Where Africa stands on development rankings
DEVELOPMENTBy BiztechAfrica - April 20, 2012, 6:11 p.m.
The world’s internet user population has grown to 30.2 users per 100 people, and the total mobile subscriber base has topped 5.382 billion.
However, in Africa, there are 20.9 internet users per 100 in MENA and only 11 per 100 people in sub-Saharan Africa. Mobile subscriptions in sub-Saharan Africa totaled 383 million in 2010.
This is according to the 2012 edition of World Development Indicators (WDI), released today.
The database includes updated data on global development, the quality of people's lives, the environment, the economy, the functioning of states and markets, and global links - how actions in one part of the world affect people elsewhere.
Alongside the WDI and the latest update to the on-line WDI database, major improvements to the data access, analysis and visualisation tools are also now available.
These make it easier than ever to use and analyze the full range of datasets available in the Bank’s data catalog (http://data.worldbank.org) – all freely available as part of the Open Data Initiative launched two years ago.
Mobile and fixed-line subscriber numbers for sub-Saharan Africa are dated only until 2009, where the data indicates that the highest subscriber numbers per 100 population were in Seychelles (131), Mauritius (114.9) South Africa (102.9), Botswana (101.9) and Algeria (101). The lowest penetration was in Somalia, at 8.1 lines per 100, Ethiopia (6.1) and Eritrea (3.7).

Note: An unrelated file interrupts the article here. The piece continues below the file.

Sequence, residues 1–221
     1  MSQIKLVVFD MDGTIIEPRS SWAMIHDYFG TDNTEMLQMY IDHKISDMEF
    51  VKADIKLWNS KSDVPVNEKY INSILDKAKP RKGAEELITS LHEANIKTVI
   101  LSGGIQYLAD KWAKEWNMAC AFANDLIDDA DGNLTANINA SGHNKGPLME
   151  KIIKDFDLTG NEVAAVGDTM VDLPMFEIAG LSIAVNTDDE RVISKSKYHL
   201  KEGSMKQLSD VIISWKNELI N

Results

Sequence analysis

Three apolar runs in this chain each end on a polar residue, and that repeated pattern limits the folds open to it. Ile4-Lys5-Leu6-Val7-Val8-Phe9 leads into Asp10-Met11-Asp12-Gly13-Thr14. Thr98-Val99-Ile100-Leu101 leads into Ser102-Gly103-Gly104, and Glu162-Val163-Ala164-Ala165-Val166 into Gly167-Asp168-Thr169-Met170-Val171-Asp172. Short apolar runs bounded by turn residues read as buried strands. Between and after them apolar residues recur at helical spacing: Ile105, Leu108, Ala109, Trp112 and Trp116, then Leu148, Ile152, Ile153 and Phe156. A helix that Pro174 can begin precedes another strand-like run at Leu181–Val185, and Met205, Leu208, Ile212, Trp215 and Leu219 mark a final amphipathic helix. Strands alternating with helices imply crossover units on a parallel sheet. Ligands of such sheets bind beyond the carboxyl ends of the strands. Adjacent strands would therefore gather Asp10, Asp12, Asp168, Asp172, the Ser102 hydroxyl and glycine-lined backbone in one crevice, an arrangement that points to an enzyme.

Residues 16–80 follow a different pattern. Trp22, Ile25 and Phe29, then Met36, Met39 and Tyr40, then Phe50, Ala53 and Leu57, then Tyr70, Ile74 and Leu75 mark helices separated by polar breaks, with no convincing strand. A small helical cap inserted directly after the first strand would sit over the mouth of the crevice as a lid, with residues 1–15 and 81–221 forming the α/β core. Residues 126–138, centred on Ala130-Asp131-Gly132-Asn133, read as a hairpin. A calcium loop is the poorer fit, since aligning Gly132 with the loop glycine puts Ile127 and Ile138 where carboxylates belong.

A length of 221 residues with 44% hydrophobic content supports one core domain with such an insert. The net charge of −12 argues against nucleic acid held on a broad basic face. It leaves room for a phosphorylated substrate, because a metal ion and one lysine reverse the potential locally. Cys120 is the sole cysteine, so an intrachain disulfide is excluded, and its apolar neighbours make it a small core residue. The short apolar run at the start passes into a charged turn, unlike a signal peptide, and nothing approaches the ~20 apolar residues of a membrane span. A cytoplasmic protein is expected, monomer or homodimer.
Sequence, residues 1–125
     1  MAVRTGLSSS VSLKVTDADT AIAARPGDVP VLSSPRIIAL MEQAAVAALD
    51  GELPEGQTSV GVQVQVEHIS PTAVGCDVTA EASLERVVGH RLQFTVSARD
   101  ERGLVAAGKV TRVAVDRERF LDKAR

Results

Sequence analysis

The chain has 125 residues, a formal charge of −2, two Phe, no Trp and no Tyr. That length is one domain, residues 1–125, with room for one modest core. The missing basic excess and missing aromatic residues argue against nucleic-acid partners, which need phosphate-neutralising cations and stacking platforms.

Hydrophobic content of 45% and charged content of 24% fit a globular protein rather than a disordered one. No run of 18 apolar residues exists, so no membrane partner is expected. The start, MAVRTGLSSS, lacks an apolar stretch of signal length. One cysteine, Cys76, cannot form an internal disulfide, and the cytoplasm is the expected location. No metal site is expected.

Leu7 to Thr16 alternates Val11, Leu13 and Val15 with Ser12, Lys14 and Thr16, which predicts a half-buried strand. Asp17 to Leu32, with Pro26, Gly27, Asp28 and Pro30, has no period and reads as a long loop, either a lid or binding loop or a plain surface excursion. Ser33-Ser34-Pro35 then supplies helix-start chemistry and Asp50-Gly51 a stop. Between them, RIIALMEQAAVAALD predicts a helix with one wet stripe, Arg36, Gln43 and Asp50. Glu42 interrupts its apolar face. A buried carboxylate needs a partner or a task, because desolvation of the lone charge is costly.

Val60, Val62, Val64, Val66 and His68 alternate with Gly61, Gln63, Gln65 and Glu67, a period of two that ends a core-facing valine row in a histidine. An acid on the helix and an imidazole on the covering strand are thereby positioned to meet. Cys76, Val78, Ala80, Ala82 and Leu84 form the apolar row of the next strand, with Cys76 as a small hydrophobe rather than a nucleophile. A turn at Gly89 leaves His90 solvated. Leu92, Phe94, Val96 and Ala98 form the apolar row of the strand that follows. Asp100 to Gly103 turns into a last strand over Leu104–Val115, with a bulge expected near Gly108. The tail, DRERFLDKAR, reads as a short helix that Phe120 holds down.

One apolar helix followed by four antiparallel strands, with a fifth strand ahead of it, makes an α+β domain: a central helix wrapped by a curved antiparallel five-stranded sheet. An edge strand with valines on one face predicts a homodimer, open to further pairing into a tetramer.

The data indicates that Africa is urbanising rapidly. In 2010, only 37% of sub-Saharan Africa’s population lived in urban areas, but between 1990 and 2010 the urban growth rate of 4% per year was the highest among developing regions.
Among the data indicators are research and development expenditure as % of GDP. In Euro areas, the average is 2.09% and among OECD nations, it is 2.45%. In sub-Saharan Africa, the average is 0.58%. High technology exports as a % of exports stand at 29% in East Asia & Pacific, 16% among OECD members and 3% both in MENA and in sub-Saharan Africa.
The World Bank’s newly-released World Development Indicators data shows the number of people living in poverty in sub-Saharan Africa has started to decline, from 60% in 1993 to 48% in 2008.
However, the number of people living on less than USD2 a day is rising. 16 of the 33 nations categorized by the World Bank as “fragile situations” are in sub-Saharan Africa. Around 1.5 billion people live in areas affected by fragility, conflict or large-scale organized criminal violence. Sub-Saharan Africa also has the world’s fastest-growing population rate.
While world population has grown by 1.2% per year between 2000 and 2010, developing countries in sub-Saharan Africa have averaged population growth of 2.5% per year. While world mortality rates are dropping (from 98 per 1000 live births in developing countries to 63 per 1000 in 2010), sub-Saharan Africa still suffers the death of one in 8 children before his or her fifth birthday.
For a global review of development progress, see the introduction to the World View section of World Development Indicators 2012.
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